Before she crab soup shuffled onto the menus of Charleston eateries, it was frequently found bubbling in the kettles of local home cooks. The creamy concoction, studded with crab meat and roe, then spiked with sherry, was highly prized. Consider this ditty appearing in the iconic cookbook, "Charleston Receipts":
A soup to remember! The feminine gender of crabs is expedient - the secret ingredient. The flavor essential makes men reverential who taste this collation and cry acclamation.
This was before the shrimp and grits craze of the 1990s, during which the no-frills Charleston pairing of "shrimps and hominy" - a dish with both Native American and Gullah cuisine roots - was gussied up by area chefs and introduced into the halls of fine dining.
History of She Crab Soup
She crab soup experienced a similar reincarnation, with its first life spent as partan bree, a broth with added cream and crab, brought to South Carolina by a wave of Scotch-Irish settlers in the 1700s. Over the centuries, French and Creole influences inspired cooks to brown up roux to thicken their crab soup, while some used a simple flour or cornstarch slurry.
In the early 1900s, William Deas, a highly skilled African chef and butler for then-Charleston mayor, R. Goodwyn Rhett, tweaked a pot of crab soup in the kitchen of the historic John Rutledge House by adding a glossy, red-orange cluster of crab roe to the pot. Not only did the roe give the soup a velvety orange hue, but it added body and infused it with a savory tang that offset the sweetness of the crab and sherry to prime advantage.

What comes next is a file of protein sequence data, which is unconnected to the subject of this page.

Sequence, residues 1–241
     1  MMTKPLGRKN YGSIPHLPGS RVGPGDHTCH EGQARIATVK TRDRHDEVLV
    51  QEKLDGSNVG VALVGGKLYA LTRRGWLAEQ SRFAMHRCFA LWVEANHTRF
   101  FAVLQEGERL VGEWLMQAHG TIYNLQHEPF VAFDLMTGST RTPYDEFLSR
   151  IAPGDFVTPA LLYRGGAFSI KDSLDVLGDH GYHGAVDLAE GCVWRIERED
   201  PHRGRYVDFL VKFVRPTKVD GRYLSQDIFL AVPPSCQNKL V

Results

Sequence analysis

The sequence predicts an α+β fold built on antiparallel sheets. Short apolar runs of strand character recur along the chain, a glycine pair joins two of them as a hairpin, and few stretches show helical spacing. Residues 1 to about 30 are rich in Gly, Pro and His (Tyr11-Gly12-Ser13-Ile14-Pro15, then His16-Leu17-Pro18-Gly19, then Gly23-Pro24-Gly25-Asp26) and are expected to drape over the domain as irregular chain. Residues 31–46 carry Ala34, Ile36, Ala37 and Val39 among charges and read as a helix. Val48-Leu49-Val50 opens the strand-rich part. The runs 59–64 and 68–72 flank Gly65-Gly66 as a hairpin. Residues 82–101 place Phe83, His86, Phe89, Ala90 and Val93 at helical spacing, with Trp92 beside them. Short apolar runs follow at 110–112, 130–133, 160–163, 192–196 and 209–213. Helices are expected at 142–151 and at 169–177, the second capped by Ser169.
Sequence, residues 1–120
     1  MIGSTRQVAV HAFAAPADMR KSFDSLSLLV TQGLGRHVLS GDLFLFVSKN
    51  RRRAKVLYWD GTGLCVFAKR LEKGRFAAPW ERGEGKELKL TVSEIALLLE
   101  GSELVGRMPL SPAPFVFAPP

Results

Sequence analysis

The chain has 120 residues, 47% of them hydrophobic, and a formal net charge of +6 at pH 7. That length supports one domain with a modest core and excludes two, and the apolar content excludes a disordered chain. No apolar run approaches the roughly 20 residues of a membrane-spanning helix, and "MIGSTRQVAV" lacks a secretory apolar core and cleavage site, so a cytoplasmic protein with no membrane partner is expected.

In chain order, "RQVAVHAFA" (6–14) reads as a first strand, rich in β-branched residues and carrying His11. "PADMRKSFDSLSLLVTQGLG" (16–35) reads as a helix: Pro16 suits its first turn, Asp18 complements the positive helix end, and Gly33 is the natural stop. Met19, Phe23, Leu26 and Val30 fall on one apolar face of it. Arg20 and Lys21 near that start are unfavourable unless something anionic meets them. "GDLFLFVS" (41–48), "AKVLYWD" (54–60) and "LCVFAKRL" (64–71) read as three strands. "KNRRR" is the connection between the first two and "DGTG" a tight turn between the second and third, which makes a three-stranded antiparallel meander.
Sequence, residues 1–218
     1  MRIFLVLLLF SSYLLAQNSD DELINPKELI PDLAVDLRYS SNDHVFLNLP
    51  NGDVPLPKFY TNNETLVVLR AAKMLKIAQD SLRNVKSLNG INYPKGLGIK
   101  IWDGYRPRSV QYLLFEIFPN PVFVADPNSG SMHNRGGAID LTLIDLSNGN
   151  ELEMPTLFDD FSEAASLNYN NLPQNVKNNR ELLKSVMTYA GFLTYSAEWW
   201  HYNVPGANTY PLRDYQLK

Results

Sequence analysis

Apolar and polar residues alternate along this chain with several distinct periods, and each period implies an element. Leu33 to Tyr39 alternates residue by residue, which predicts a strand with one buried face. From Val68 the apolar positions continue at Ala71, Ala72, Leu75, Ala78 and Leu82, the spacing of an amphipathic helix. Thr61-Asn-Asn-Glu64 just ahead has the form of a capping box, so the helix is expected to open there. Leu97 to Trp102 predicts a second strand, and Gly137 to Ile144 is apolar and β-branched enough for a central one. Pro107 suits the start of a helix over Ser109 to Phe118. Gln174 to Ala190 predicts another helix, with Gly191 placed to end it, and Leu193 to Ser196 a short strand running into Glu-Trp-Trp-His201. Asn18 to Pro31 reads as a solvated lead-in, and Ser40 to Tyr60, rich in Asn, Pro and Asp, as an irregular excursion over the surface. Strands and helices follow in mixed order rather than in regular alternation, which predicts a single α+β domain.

The new twist found favor with the mayor and his wife, who submitted the recipe to a local newspaper. By the 1930s, the soup was widely served by area home cooks and eagerly slurped up by their dinner guests.
When Deas was hired to operate the kitchen of Everett's Restaurant, he added the soup to the menu, and it soon became the eatery's most famous dish and a Charleston classic.
South Carolina's Favorite Soup
Increasingly, other restaurants developed their own interpretations of what is now a South Carolina classic.
Ecological efforts to protect the crab supply, however, prohibit the capture of female crabs carrying fertilized eggs. Unfertilized roe, still nestled inside the female crab, are fair game though harder to come by and said to be not nearly as tasty. Learn more here about crabbing in South Carolina.
For some chefs, it's worth going the extra mile to ensure there's some "she" in your soup. Roe or no, you're still likely to be enamored with the official state soup of South Carolina.